Troopers are also continuing to investigate a fatal hit-and-run crash that killed one person and injured another early in the morning on Aug. 12, 2020 in Baltimore County.

Shortly after 4:20 a.m., the Maryland State Police Golden Ring Barrack received two calls regarding a disabled vehicle in the center lane of the inner loop on Interstate 695 between I-95 and Philadelphia Road in Rosedale. According to a preliminary investigation, when troopers arrived at the scene they found two pedestrians who were struck by the disabled vehicle, a grey Ford Taurus.

One of the victims, Amira Geovoni Jennings, 17, of Baltimore, was declared deceased at the scene. The other victim, an 18-year-old male, was transported by ambulance to Johns Hopkins Bayview Medical Center for treatment of his injuries.

According to a preliminary investigation, the suspect vehicle, which is possibly a dark grey Infiniti G37. Infinity G25 or Infiniti Q40, swerved around the Ford and struck the victims, who were standing in front of their vehicle. The suspect vehicle fled the scene after the crash.

Anyone with information on this case is asked to contact the Maryland State Police Golden Ring Barrack at 410-780-2700.


On March 1, 2020, Earl Rogers Sr., 74, of Largo, Maryland was fatally struck on southbound Route 4 at Old Marlboro Pike in Forestville.

Shortly after 8:30 p.m. on March 1, 9-1-1 callers to the Forestville Barrack reported seeing a pedestrian struck by at least one and possibly two vehicles on southbound Rt. 4 at Old Marlboro Pike, Forestville. Troopers responding to the scene found the victim, later identified as Rogers, lying in the grass off the right shoulder of the roadway. Emergency medical services personnel pronounced the victim dead at the scene.

A description of either of the striking vehicles is not known at this time. Anyone who may have witnessed this fatal hit and run is urged to contact the Maryland State Police Forestville Barrack at at 301-568-8101.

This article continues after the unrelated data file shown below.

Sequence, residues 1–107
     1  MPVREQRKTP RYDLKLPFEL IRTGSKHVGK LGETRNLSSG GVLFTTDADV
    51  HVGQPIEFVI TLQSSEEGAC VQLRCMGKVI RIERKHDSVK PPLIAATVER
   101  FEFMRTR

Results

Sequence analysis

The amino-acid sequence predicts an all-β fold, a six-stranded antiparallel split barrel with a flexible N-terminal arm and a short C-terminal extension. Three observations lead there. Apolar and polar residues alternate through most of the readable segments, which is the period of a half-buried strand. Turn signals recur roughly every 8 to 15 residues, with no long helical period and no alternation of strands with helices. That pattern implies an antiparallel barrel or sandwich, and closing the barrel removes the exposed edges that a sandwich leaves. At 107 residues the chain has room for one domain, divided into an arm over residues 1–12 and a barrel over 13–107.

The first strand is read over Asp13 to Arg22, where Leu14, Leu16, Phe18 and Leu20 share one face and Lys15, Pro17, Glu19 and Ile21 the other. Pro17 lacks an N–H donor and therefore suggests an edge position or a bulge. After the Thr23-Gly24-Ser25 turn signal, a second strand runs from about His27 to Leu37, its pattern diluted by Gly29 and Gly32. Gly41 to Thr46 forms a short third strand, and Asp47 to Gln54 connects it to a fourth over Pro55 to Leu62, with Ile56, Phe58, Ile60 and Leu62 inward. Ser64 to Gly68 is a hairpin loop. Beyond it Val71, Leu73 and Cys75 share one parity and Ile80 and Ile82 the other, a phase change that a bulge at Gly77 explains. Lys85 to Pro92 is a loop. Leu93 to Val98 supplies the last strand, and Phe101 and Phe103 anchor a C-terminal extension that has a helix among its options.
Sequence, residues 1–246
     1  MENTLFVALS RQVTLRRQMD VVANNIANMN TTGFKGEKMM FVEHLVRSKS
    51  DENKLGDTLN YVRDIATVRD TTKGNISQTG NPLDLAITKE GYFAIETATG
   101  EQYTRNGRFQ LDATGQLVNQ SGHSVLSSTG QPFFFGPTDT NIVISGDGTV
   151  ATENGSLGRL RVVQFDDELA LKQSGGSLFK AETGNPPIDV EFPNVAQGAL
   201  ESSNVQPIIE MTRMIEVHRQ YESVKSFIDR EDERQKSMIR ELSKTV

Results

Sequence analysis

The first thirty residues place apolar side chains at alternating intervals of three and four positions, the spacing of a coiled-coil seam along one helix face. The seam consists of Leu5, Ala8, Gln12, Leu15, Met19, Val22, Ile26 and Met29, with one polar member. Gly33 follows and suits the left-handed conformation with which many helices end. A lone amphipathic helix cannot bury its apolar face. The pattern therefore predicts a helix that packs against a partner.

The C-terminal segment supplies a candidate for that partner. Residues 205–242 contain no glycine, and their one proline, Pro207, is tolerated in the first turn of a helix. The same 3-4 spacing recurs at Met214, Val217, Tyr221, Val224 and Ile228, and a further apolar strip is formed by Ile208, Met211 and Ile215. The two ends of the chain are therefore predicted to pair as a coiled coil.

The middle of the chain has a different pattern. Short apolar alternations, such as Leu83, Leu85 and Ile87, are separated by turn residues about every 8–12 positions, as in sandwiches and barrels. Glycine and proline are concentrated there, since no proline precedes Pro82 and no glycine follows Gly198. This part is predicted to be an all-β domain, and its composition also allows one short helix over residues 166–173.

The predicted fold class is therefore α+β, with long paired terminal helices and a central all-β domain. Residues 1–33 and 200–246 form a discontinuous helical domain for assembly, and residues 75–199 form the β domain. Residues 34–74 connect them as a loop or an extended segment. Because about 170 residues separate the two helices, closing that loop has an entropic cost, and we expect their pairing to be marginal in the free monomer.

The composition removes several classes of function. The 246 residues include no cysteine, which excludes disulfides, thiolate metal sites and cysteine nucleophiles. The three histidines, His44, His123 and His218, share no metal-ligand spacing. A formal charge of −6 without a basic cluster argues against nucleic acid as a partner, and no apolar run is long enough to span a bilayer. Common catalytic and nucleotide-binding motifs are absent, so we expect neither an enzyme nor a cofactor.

College Park

Finally, troopers are still searching for the driver 2018/19 silver Nissan Altima, wanted in connection with a fatal hit-and-run involving a pedestrian that occurred early in the morning on Feb. 29, 2020 along I-495 at northbound I-95 in College Park.

Shortly before 5:30 a.m. on Feb. 29, 2020, the Maryland State Police College Park Barracks received a 911 call from a motorist reporting what appeared to be a body lying in the gore area between the inner loop of I-495 and the ramp for northbound I-95.

Troopers responded and found the unidentified victim, later identified as Henry Washington, 60, of Washington, D.C. Responding emergency medical services personnel pronounced the victim dead at the scene.

The preliminary investigation indicates Washington was walking when he was struck by the unknown vehicle. Maryland State Police crime scene technicians have recovered vehicle debris that indicates the striking vehicle may have been a silver Nissan Altima.

Anyone with information on this case is asked to call the Maryland State Police College Park Barrack at 301-345-3101.

Callers may remain anonymous in all four of these cases.

Lt. Gen. Mary F. O’Brien, deputy chief of staff for Intelligence, Surveillance, Reconnaissance and Cyber Effects Operations, and Chief Master Sgt. of the Air Force JoAnne S. Bass stand in front of a group of female airmen demonstrating the Air Force’s new hair policy for women in front of the Air Force Memorial on Jan. 24.